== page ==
Positano Area

Cantina del Vesuvio –

Dona Rosa – in Montepertusa, above Positano – This is where I was given a wine glass as big as my head!

Olive Oil – Fratoio Ferraro

Ristorante Max – Lovely, fancy in city center

Villa Maria – Ravello: Great for the view. Lovely outdoor seating.

Cumpa Cosimo – Ravello: Very authentic place for good value. Run by a woman who looks like an Italian nona from the movies!


December 10, 2012 - Posted by gothamfamily

Portugal October 2012 – The Algarve

Since moving to Ireland, I had heard a lot of about the beaches and holidaying in the Algarve area of Portugal. To be honest, I had never heard of it and Portugal in general didn’t interest me much. I had been to Lisbon, Fatima, and Coimbra all briefly in my 20’s while living in Madrid. It struck me as a downmarket Spain: dirtier, poorer and less interesting. I am glad to say that my impression of the beach areas of the Algarve are somewhat different. First off, there ARE lots of similarities to Spain. Sharing the Iberian Penisula makes this inevitable. But Portugal is a distinct country with its own language, food, and culture. I found the people to be equally as warm as the Spanish and just as welcoming. I could even get around with just my Spanish, although I attempted to speak as much Portuguese as I could muster.


The beaches themselves were quite beautiful, with reddish-orange cliffs dropping into the blue green sea. It was still warm enough to swim, although the water could be described as bracing by this time in October. I would say that many parts of the Algarve are too touristy and developed for my taste, much like the Costa del Sol area in Spain. When all the signs are in English and most people in the town are British/Irish retirees, it can dampen the feel that you are in a foreign country. I don’t feel the need to have a “full Irish” whenever I leave home to travel. But then again, I’m not Irish. Maybe I would’ve been thrilled if they had American style breakfasts everywhere. The prices were certainly rock bottom. I don’t think we paid more than €25/pp for any dinner including wine and we were frequenting the nicer places in town. That being said, the little town we were in did also cater the retirees on a budget. I would be interested to go back to the beaches in Portugal, but pick somewhere a little off the beaten tourist track. I would also like to go in the summer, maybe not August as the height of holiday craziness. But a May or June visit would be lovely. I am glad for the chance to see it and to re-open my mind about Portugal. I think I was only cheating myself.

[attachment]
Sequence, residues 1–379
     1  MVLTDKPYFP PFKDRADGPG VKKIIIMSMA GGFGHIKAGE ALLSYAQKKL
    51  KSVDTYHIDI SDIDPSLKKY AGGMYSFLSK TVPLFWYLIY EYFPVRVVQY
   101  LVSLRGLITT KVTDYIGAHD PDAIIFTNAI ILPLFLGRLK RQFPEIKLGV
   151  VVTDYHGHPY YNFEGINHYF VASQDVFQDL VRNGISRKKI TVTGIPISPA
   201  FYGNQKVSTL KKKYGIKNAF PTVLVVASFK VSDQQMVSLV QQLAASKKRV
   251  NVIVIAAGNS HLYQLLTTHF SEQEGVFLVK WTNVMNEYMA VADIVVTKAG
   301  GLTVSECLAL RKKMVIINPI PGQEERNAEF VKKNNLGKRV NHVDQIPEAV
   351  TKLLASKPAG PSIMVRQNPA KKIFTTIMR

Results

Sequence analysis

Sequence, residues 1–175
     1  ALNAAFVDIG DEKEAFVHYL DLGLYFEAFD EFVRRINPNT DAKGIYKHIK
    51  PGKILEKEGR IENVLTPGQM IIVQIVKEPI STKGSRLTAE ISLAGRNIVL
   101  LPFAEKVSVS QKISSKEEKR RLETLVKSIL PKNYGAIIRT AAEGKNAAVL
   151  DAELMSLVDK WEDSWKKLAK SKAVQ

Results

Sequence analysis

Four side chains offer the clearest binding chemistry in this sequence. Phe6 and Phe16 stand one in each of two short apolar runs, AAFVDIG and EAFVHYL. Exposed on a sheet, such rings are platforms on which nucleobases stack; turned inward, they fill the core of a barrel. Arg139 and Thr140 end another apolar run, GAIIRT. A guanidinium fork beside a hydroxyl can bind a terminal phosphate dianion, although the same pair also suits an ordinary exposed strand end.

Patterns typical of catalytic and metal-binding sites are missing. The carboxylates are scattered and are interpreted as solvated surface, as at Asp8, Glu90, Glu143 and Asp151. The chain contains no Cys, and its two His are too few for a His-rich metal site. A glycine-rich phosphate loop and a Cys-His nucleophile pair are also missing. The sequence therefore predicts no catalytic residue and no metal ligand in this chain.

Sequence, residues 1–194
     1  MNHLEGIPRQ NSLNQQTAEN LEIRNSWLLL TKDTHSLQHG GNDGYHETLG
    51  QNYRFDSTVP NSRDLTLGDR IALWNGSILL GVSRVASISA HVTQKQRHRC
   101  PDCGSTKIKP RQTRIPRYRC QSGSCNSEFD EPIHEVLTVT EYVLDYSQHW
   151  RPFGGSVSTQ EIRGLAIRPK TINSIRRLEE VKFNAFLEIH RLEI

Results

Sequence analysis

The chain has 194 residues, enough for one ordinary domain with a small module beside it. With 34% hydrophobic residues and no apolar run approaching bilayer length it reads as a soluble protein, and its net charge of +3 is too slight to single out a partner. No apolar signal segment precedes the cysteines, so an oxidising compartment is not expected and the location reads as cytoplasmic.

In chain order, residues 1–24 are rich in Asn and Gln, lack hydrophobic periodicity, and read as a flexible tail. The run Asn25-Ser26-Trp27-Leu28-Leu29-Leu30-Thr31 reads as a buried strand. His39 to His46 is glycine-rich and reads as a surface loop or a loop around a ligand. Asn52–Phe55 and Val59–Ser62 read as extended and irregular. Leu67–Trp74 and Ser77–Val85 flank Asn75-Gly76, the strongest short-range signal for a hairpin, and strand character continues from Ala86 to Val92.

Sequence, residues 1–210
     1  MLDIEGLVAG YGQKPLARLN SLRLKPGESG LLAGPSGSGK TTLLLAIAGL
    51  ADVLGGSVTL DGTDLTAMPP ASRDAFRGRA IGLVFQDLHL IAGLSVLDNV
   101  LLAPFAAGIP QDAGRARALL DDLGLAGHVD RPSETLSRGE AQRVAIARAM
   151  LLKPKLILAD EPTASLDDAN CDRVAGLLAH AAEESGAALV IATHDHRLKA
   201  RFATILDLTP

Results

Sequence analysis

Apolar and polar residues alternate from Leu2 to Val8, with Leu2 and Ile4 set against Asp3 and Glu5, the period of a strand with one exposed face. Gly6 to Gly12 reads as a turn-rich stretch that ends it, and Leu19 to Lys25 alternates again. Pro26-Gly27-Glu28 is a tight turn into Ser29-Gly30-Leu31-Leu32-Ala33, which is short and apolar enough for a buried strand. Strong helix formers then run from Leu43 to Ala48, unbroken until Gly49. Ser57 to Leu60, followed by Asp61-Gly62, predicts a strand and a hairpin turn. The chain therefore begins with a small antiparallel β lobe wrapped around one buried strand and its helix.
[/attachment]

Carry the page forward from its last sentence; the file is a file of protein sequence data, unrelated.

October 15, 2012 - Posted by gothamfamily

Wow! We LOVE Spain!